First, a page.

Monthly Archives: August 2012

Let’s shrink the world: A Tilt Shift Effect

Everybody has seen the cute pictures floating around showing a mini world! Some examples:

But how is it done? And can it be done fast?

Answers: Easy and Yes!

How does it work?
For a digital Tilt-Shift we use some kind of gradient blur. What I mean is a blur that is very light where the focus lens is and gets blurrier the further something is in the picture. Some ‘faster’ systems only use one blur and then put the focused part back into the picture but this creates an ugly edge between the sharp and blurred part of the picture. And we do not want this!

To get his effect we could do several blurs where we enlarge the focus box in the loop so we get some gradience. Eg. If we do it 8 times we get a gradient of 8 layers. Not bad but…we want more!

Doing a blur in languages like Realstudio and Basic4Android (or Java) is not that fast. This is the first issue we’ll have to tackle because we want to be close to doing it real-time.

Second, a lot of focusses can only be a rectangle or a circle. This has a side effect: some objects in the picture will be in focus while we do not want that because it spoils the illusion. So our focus needs to be able to be irregular. In this tutorial the example uses also a rectangle but I’ll show you how to change this to anything you want.

In some cases changing the saturation of the picture can even more give the illusion of a miniature.

So in short we want:
1. few blurs, but still have 255 gradient levels
2. the blur must be fast
3. an irregular focus
4. some kind of saturation
5. did I mention fast?

How will Basic4Android (or java) and Realbasic be able to do this?

Well, we’re gonna cheat! 😀

Instead of creating a gradient blur, we are going to write one heavy blur and then resharpen it. In fact you’ll see we can do the 255 levels of sharpness with only two blurs!

In Realbasic we can take advantage of the great mask property in a picture we’ve used a lot in the past. In Basic4Android I’m going to simulate this so the code can be very similar.

For our example let’s say we want to make this:

Let me show you in a schema what the steps are we’re going to use in our Tilt-Shift (click the picture to see full size):

1. our orignal picture. Make sure it is a sharp one
2. a blurred version of (1)
3. our focus area.
4. a blurred version of (3)
5. we use our blurred (4) as a mask on our original (1). As you can see in the schema, (5) fades out to its background (the alpha channel increases), in this case white.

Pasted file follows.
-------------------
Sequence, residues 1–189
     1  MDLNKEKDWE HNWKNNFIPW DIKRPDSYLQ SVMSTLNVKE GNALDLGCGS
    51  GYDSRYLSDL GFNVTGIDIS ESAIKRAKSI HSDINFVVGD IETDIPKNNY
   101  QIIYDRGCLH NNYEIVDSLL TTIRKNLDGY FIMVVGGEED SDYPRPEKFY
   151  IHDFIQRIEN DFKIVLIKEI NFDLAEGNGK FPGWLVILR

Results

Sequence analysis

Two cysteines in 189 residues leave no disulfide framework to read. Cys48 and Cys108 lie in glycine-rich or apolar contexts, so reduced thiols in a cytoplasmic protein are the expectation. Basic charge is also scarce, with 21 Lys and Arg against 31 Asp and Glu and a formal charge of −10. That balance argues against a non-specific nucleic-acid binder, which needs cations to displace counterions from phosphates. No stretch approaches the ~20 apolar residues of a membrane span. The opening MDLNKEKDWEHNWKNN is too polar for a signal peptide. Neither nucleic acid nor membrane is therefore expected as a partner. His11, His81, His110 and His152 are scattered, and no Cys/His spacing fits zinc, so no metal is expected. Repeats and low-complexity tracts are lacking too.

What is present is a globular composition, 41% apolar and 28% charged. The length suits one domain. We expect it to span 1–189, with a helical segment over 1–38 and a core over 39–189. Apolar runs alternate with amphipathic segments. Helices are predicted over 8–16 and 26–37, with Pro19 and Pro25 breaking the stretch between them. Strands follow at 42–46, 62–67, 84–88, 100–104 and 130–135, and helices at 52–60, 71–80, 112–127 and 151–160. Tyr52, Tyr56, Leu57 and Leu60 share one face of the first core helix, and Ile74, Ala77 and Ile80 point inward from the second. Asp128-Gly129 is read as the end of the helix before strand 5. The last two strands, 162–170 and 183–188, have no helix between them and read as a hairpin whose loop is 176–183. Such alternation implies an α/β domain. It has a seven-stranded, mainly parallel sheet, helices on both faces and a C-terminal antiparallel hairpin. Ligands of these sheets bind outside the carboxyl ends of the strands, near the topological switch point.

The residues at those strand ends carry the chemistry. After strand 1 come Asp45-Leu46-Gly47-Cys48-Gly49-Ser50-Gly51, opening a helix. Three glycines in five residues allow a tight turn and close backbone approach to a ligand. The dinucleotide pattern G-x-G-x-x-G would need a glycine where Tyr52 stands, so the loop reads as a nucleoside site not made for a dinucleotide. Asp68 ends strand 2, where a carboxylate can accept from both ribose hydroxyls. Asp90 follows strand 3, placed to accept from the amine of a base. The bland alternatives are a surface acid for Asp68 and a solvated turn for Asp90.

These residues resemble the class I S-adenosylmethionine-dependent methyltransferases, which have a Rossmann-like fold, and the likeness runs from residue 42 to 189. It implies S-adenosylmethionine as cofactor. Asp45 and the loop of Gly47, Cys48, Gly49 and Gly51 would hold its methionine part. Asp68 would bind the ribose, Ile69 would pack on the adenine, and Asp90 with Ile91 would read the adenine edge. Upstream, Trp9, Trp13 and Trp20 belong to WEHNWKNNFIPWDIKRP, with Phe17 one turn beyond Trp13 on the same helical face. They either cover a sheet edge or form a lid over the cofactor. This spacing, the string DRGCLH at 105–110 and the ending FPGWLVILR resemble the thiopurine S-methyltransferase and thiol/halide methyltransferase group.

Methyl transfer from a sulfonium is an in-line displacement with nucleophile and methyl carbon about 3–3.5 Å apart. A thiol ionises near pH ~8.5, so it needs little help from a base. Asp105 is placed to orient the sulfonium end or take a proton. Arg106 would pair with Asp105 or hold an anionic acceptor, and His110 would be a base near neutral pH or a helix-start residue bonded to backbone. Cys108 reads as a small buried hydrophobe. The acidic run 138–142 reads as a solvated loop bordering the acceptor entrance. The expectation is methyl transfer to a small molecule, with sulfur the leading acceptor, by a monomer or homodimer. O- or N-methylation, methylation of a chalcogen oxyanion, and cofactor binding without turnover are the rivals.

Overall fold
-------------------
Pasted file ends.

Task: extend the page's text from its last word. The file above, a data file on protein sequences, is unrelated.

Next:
6. so if we draw (5) on our blurred (2) the blurred pixels will re-sharpen! Do you see the magic happening here 🙂
7. the saturation is optional but may make the effect more real.

And the clever part is step 3: you can draw any shape you want here! Some examples for Realbasic:

And remember, in Basic4Android (java) it needs to be inverted:

And now for the code.
(For B4A you’ll need my ABExtDrawing library version 1.7 here)

First we’ll need a fast blur. Again we’ll cheat as we’re not doing a real gaussian blur. We are ging to exploit our mask feature again and do a diagonal blur.

We’ll need some help functions:
Resize()

Realbasic:

Function Resize(pic as picture, Percentage as integer) As Picture
  #pragma BackgroundTasks false
  #pragma BoundsChecking false
  #pragma NilObjectChecking false
  #pragma StackOverflowChecking false
  
  dim p as Picture
  dim w,h as Integer
  dim by as Double = Percentage / 100
  
  w = pic.Width * by
  h = pic.Height * by
  
  p = NewPicture(w,h,32)
  p.Graphics.UseOldRenderer=true
  p.Graphics.DrawPicture pic,0,0,w,h, 0,0,pic.Width, pic.Height
  
  Return p
End Function

Java (B4A library):

public Bitmap Resize(Bitmap bmp, float Percentage)
{
	float by = (float) (Percentage/100.0);
	
	int w = (int) (bmp.getWidth()*by);
	int h = (int) (bmp.getHeight()*by);
	
	if (Percentage>100) {
		return Bitmap.createScaledBitmap(bmp, w, h, true);
	} else {
		return Bitmap.createScaledBitmap(bmp, w, h, false);
	}
	
}

Innerblur()
We create a mask on our picture and draw it a number of times on each other, just shifting bits to the left, top, right and bottom.

Realbasic:

Function InnerBlur(Pic as picture, Level as double) As Picture
  #pragma BackgroundTasks false
  #pragma BoundsChecking false
  #pragma NilObjectChecking false
  #pragma StackOverflowChecking false
  
  dim p,t as Picture
  dim L,w,h as Integer
  
  w=pic.Width
  h=pic.Height
  p=NewPicture(w,h,32)
  p.Graphics.UseOldRenderer=true
  p.Graphics.DrawPicture pic,0,0
  
  t=NewPicture(w,h,32)
  t.Graphics.UseOldRenderer=true
  t.Mask.Graphics.UseOldRenderer=true
  t.Mask.Graphics.ForeColor=&c7F7F7F
  t.Mask.Graphics.FillRect 0,0,t.Width,t.Height
  
  for L=abs(Level) DownTo 1
    t.Graphics.DrawPicture p,0,0